Like everything you eat outside your home, there are good and bad places. But Halil Lamacun is not regular dough and meat. Here it is a really delicacy. With this dough, unbelievable, great meat sauces, exact proportions for parsley and lemon, and Halil- a skilled cook and an expert on lahmacun, who produces thousands of such delicacies every day and has, with the taste of some secret ingredient...

According to what you like, you can choose between a regular lahmacun, spicy, and vegetarian - with cheese. Enjoy!


Turks drink a glass of ayran with this, with sour yogurts, it's really good !

#A Closer Look:


Kadikoy Merkez Borekcisi
Kadikoy Merkez Borekcisi
#About Kadıköy's Burekas

Many see Kadikoy Merkez Borekcisi as the best burekas in Istanbul.

This place, located in the Sarıyer neighborhood, up the Bosphorus, is what is called in Turkish, "Börek Salonu," meaning "Borax Hall." Here they sell the Borek, and burekas in plural.

The borek is made from thin layers of puff pastry dough, rolled and filled with fillings such as cheese, spinach, meat and the like. It is baked here in large molds and sold in pieces, by weight.

This is Turkish and Mufti burekas , alongside which are also sold foods such as Pide, a long pastry made of pizza dough containing cheese, egg or meat. Or Suböreği, in Turkish "water borax" - Borek filled with cheese or spinach cooked in water and slightly reminiscent of lasagna.

There are also burekas with sweet fillings, and in any case - the serving of the dishes, with the impressive cutting of pastries and placing them on a tin plate with paper on it - everything here means perfect simplicity.

Drink a glass of Ayran, the spicy yogurt drink that the Turks have invented, tea or lemon.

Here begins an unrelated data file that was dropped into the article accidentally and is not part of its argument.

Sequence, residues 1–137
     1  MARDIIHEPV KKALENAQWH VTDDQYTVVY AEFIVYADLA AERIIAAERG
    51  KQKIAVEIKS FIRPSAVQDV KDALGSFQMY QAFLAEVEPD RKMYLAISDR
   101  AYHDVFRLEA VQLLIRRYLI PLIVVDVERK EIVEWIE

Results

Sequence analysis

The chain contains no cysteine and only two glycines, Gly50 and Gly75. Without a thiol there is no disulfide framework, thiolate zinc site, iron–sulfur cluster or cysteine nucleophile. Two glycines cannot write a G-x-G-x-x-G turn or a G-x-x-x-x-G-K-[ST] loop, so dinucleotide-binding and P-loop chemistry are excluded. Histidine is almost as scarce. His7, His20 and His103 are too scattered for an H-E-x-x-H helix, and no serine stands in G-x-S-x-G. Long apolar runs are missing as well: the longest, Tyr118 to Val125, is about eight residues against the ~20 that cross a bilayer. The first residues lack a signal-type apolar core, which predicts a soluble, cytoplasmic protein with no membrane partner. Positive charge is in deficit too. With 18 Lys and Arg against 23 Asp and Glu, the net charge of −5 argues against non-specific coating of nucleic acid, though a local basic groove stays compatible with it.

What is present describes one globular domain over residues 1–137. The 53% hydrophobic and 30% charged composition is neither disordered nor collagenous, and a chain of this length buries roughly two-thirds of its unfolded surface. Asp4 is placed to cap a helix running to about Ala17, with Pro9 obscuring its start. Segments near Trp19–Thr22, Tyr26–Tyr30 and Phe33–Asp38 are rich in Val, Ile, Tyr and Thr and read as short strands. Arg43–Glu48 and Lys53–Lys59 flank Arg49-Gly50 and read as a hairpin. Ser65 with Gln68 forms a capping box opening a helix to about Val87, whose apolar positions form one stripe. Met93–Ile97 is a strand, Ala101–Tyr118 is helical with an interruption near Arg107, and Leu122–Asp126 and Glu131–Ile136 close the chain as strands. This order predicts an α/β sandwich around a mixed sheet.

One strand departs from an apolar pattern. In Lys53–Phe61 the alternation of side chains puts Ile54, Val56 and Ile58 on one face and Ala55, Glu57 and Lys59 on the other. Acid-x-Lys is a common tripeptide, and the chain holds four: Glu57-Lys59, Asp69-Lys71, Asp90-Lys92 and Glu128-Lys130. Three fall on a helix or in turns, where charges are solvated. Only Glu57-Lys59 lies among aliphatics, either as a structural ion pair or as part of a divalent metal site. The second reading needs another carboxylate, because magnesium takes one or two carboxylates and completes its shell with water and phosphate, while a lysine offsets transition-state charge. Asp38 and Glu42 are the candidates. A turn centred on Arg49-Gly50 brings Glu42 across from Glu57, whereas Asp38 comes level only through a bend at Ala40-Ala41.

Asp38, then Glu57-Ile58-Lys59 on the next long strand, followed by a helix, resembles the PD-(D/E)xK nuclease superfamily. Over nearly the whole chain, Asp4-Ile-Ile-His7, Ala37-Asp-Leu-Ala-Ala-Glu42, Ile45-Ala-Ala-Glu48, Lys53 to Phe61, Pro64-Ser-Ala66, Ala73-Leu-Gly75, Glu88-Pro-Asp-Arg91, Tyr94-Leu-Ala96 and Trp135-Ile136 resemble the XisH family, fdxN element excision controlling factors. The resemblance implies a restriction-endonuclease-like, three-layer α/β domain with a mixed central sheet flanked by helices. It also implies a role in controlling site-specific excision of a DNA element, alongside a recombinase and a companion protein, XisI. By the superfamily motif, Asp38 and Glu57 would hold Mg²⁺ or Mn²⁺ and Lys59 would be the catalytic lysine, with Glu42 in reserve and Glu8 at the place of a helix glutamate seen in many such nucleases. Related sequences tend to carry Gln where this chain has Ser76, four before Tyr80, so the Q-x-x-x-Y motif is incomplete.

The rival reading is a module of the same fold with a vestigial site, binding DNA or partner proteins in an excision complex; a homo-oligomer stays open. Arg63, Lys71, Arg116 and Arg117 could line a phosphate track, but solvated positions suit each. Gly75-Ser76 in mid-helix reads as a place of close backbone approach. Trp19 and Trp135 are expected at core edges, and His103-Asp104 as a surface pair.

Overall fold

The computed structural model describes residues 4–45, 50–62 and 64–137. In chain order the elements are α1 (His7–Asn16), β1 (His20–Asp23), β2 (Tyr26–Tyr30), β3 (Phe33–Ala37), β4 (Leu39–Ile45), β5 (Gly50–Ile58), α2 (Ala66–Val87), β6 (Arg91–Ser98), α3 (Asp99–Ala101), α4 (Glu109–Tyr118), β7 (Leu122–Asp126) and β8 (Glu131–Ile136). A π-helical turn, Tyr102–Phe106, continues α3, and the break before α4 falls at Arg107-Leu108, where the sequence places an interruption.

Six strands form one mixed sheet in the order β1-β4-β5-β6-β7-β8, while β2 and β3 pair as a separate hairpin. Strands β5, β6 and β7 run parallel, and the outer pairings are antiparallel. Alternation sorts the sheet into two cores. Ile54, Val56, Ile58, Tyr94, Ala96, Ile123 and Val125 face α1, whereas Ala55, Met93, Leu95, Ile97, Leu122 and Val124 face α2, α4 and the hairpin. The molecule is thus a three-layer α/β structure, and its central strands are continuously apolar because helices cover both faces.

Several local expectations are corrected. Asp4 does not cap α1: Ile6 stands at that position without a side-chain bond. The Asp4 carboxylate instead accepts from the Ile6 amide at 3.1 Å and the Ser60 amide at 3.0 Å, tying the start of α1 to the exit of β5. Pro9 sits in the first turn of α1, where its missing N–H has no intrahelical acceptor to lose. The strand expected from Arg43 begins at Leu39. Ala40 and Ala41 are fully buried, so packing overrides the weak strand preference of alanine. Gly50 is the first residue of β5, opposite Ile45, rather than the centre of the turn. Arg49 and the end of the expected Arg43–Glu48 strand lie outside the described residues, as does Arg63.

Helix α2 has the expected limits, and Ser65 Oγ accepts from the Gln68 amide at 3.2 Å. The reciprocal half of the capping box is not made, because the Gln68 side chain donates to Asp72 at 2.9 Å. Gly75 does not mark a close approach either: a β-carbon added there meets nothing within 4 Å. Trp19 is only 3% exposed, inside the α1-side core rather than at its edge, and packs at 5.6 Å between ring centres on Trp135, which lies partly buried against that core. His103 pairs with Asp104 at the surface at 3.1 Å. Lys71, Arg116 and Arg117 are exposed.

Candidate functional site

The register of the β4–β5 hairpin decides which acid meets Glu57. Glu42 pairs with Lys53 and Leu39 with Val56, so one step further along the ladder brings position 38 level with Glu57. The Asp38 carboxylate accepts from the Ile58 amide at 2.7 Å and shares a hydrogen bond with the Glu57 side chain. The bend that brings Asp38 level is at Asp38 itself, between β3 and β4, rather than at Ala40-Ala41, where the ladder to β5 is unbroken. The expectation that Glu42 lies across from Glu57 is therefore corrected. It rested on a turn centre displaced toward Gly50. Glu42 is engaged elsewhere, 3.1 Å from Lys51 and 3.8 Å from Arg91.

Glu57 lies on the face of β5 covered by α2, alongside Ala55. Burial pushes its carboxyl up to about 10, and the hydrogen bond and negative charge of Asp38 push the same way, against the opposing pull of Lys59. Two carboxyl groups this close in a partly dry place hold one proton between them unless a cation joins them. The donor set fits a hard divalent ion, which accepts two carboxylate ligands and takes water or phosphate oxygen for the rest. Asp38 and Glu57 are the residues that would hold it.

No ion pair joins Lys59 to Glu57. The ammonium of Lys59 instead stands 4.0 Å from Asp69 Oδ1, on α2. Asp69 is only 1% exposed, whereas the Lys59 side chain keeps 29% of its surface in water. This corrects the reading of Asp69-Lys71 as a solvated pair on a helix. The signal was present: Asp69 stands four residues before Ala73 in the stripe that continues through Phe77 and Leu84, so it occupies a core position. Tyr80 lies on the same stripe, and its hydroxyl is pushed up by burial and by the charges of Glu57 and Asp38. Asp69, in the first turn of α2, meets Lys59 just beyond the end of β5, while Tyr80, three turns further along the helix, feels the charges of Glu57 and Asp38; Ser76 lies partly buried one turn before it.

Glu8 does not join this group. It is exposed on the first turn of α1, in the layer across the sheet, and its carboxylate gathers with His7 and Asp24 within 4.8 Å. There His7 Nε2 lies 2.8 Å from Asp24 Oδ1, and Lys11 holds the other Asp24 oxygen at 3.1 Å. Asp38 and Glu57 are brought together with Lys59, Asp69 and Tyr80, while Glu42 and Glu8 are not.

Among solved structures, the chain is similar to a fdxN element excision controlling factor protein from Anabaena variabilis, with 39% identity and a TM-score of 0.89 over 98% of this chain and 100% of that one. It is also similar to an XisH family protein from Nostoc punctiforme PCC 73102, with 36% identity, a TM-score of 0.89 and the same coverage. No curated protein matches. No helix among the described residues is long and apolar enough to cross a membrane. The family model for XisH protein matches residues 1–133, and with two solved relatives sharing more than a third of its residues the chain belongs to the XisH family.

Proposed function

Only cash is accepted here.

#A Closer Look:

Hunkar Borekcisi
#About the Burekas from Sarıyer, Specializing in dough and Burekas

The Turks can be very picky with their burekas. Sariyer is a an area in Istanbul for dough, where you will find many burekas bakeries (the are is also shaped like a burekas). Here you can eat excellent burekas, with all different fillings, alongside salty desserts and candies.

Hunkar Borekcisi if one of the best places here, and their name proceeds them. There's a high probability you will like what you tastes here. Many think this is the best burekas around. The vendor here will quickly cut you a slice of burekas, which you chose, into small pieces, so that you can eat each of them in one bite.

Listen to us - next to every burekas needs to be cup of ayran, a yogurt based drink, sour and perfect, that goes perfectly when burekas.

Right across from you is the port with a sea view. Sit with the burekas and cup of ayran facing the water, with birds flying above. Look towards the docks and fisherman and enjoy the moment.

#A Closer Look:

#About the Huge "Mini-Turkey," with Smaller Models of Turkey and Istanbul

Miniatürk on the north-east coast of the Golden Horn in Istanbul, is the largest miniature city in the world. As expected, a variety of miniature models of Turkey's main attractions, both present and past, are presented here.

In fact, it is a miniaturized park spread over a vast area of ​​60,000 meters. The exhibits you see here are on a scale of 1:25. Viewing area in the park takes up a quarter of the place (about 15,000 meters), in thinking for the future, the park left a lot of room for building additional exhibits.